Apart from a sedentary lifestyle, several factors are resulting in more people suffering from heart attacks in the IT city of Bengaluru.
On the occasion of World Heart Day celebrated on September 29, experts called for lifestyle changes in a post-Covid scenario.
Dr. Sudarshan GT, Senior Consultant Minimally Invasive Cardiac Surgeon, Fortis Hospital, Bannerghatta Road, told IANS, "Heart diseases are now prevalent among the young and 25 per cent of those who suffered heart attacks are below 45 years of age, not just in the state but in the entire country.
"The Bangalore Premature Coronary Artery Disease (PCAD) registry has disclosed that over the last two years, over 2,500 cases of heart attack have been recorded among patients under the age of 40 years. Out of these 1,250 fresh cases have been reported under the age of 35 years."
Dr. Sudarshan stated that young adults face several risk factors like high blood pressure, obesity, diabetes, high cholesterol, COVID-19 (which can lead to heart issues), family history, stress, and alcohol abuse.
These factors can contribute to heart disease in this age group, making it crucial to recognise warning signs such as cold sweats, fatigue, lightheadedness, nausea, pain or discomfort in the upper body, and shortness of breath.
"To reduce these risks, young adults should focus on lifestyle changes like exercising regularly, maintaining a healthy weight, eating a nutritious diet, managing stress, quitting smoking, and getting regular cardiac check-ups, especially if there is a family history of heart disease," he stated.
Dr Haresh Mehta, Consultant Interventional Cardiologist, SL Raheja Hospital stated, that there has been a rise in the number of youth suffering from heart attacks and it is due to poor quality of life and sedentary lifestyle. One suffers from a heart attack when there is less blood flow to the heart as the organ functions on regular oxygen supply, which it receives through blood.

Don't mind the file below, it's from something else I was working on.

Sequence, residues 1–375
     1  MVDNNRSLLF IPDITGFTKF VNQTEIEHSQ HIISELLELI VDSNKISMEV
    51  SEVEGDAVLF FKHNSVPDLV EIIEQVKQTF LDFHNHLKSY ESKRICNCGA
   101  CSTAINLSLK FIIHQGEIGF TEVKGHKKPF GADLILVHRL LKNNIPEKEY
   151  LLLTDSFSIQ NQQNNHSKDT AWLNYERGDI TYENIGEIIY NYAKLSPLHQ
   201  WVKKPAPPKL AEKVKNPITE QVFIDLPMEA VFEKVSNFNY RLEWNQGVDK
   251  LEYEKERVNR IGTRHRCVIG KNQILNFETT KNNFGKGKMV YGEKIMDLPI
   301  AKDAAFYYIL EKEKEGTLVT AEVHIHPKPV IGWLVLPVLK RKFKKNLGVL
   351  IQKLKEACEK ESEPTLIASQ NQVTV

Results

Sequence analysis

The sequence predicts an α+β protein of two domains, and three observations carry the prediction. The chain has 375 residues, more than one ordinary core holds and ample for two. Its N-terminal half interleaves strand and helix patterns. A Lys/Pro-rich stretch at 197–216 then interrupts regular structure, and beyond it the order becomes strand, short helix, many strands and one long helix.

The reasons for heart attacks in youth are categorised into non-modifiable and modifiable risk factors. The modifiable risks are that people can avoid smoking, as it damages the arteries, can damage the microcirculation level and impact lipid metabolism. Drug abuse leads to constriction of the coronary artery, thus causing a heart attack. Obesity and stress also impact the heart, so people should regularly exercise and sleep on time, said Dr. Haresh Mehta.
Non-modifiable risks are family history of heart problems. Genetic predisposition promotes heart attacks at cellular levels, so such individuals should take utmost care of their health. Also, high blood pressure impacts the heart as the organ has to work more than usual, thus exerting it, he stated.
(With inputs from IANS)